• Finally note that for the operator $A_S$ in the Schrödinger picture, there is no implicit time-dependence. So it doesn't matter whether you write a total or partial derivative.

  • $\begingroup$ Oops! I meant to write that Sakurai has partial derivatives on the right-hand side. But your last point answered my question anyway. One more thing, actually. In Heisenberg's equation of motion, I've seen the last term, the explicit time dependence of the operator, written a slightly different way (PDF, page 21): $(\partial A_S / \partial t)_H$. So the time derivative in $S$ transformed to $H$. I'm having trouble seeing how that is equivalent to what you have written. $\endgroup$
    – Danny
    Nov 8, 2017 at 22:35
  • 1
    $\begingroup$ Both terms are supposed to mean $U \frac{\partial A_S}{\partial t} U^\dagger$. The way you write it makes it a bit clearer, but the way I put it is also common notation. With these things you often have to infer meaning from the context -- in the equation I wrote, the partial derivative means "only consider the intrinsic time dependence of the observable, not the time dependence added by the Heisenberg picture". $\endgroup$
    – Noiralef
    Nov 8, 2017 at 23:24

Upvoted the question, because it is a question in physics which is very well-suited for a purely mathematical answer. Which is:

The proper notation for the time derivative to be used in the generic/abstract Schrödinger equation is the full derivative, i.e. $\frac d {dt}$, regardless whether one uses the (mathematically challenging) bra/ket notation, or whether one uses the traditional physicists' notation of Schrödinger wavefunctions. However, the partial derivative can be used under certain mathematical assumptions linked to below.

Explanation: The Hamiltonian in the so-called Schrödinger picture is a proper Hilbert space operator-valued mapping $\mathbb R \ni t\mapsto H (t)\equiv H \in \mathcal L(\mathcal H),\forall t, H = H^\dagger$. The Schrödinger states (state representatives) are proper Hilbert space vector-valued mappings (called quantum trajectories) $\mathbb R \ni t\mapsto \psi (t)\in \mathcal H $, strongly continous in the real parameter $t$ called time. Therefore, it is an assumption (axiom of QM) that the mapping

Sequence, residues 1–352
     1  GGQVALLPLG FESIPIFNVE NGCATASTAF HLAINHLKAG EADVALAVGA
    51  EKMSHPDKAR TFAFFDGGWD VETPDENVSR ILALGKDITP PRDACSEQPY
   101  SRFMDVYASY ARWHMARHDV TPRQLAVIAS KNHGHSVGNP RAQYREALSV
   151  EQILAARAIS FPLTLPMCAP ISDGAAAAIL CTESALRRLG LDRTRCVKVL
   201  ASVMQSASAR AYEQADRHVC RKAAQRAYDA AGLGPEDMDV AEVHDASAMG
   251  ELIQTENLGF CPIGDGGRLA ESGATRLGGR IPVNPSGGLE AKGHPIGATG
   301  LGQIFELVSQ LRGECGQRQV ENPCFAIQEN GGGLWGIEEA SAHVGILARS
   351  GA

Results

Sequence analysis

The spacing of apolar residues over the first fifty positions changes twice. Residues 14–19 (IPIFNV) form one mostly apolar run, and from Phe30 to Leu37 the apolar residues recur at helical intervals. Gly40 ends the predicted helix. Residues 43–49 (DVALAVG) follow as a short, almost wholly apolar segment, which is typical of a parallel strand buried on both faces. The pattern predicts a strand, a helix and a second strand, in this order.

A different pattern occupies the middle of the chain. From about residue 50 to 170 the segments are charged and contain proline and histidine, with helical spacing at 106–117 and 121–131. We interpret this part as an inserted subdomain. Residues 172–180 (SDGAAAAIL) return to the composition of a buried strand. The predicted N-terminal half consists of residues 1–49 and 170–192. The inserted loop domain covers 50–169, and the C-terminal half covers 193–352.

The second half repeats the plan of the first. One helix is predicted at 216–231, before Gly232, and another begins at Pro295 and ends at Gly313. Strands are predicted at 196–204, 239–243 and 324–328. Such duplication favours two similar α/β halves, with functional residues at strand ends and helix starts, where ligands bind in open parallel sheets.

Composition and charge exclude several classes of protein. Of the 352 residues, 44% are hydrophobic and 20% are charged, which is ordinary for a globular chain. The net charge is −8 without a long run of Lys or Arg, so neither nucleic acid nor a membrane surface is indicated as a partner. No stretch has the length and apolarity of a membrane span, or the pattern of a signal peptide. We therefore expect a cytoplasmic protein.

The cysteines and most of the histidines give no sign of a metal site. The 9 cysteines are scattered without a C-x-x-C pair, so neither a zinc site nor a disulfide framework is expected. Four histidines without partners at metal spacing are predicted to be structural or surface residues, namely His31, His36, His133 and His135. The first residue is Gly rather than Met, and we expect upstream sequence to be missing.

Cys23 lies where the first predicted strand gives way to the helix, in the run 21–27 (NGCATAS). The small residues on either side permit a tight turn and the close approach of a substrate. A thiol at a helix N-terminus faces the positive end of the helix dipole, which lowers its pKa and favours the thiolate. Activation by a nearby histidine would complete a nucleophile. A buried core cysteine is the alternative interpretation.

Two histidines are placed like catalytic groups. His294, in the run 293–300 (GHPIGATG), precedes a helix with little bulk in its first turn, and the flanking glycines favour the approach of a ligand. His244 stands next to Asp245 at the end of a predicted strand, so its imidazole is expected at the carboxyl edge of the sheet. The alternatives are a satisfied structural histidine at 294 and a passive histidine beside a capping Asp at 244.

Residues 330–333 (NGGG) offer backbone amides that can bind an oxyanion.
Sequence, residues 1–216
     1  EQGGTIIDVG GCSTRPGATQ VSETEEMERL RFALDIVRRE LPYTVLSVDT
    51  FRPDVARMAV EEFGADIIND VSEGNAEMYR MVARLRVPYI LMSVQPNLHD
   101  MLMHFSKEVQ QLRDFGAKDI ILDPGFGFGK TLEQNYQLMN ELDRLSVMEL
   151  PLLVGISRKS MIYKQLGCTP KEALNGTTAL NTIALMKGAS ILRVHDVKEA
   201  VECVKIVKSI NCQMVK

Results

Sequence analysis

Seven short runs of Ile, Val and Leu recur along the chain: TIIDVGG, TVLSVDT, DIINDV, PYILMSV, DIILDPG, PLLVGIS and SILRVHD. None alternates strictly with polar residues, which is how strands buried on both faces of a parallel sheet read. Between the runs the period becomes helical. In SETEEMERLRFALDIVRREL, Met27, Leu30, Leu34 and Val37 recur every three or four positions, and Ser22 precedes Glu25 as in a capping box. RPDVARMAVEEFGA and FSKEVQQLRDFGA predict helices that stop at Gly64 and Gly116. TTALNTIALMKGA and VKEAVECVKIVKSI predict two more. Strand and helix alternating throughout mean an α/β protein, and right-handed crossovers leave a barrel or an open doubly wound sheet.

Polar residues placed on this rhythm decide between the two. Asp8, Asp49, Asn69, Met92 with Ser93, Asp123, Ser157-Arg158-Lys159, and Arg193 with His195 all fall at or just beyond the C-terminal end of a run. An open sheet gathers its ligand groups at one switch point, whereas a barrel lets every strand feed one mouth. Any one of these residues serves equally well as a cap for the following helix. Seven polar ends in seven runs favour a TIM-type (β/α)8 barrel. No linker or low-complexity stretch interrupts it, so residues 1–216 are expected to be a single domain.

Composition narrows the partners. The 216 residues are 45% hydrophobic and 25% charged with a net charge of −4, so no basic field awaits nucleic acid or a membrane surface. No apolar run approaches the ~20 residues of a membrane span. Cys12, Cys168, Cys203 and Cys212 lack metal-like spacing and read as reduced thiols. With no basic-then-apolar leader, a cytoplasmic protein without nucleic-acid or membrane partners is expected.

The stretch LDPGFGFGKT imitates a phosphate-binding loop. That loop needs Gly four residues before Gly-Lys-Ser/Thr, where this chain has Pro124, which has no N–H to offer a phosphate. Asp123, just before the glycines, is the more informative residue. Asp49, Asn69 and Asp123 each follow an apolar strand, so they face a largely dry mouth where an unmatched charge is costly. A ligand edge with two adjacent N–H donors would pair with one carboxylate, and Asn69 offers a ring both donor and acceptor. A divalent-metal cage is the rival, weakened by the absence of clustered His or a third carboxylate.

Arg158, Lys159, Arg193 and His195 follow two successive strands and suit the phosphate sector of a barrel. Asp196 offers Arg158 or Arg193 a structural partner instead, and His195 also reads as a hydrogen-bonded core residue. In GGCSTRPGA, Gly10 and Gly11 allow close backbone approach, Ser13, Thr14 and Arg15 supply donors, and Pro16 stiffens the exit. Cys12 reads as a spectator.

$$\mathbb{R}\ni t\mapsto \text{s-lim}_{h\to 0} \frac{1}{h} \left[\psi (t+h) - \psi (t)\right]\text{exists} $$ and is denoted by $\frac{d\psi(t)}{dt}$. This limit, under the Schrödinger equation seen as a constraint, properly defines the set of admissible quantum trajectories as a subset of the maximal domain (domain of self-adjointness) of the Hamiltonian operator.

One now could now question if the Hamiltonian is a function of the fundamental operators x,p (in one dimension), by a projection into the Hilbert space $L^2 (\mathbb{R})$, thus it could be seen as a several variable complex function $H = H(x,p,t)$, can one write down the Schrödinger equation using partial derivatives in the form:

$$\frac{\partial \psi (x,p,t)}{\partial t} = \frac{1}{i\hbar} H(x,p) \psi (x,p,t),$$

in other words, what would be the connection to the rigorous formulation above? Valter Moretti here Time derivative of the state vector as expressed in abstract Hilbert space vs. as a wavefunction showed under what exact mathematical assumptions, the $\frac{d}{dt}$ defined above by the strong limit can be transformed to the $\frac{\partial}{\partial t}$.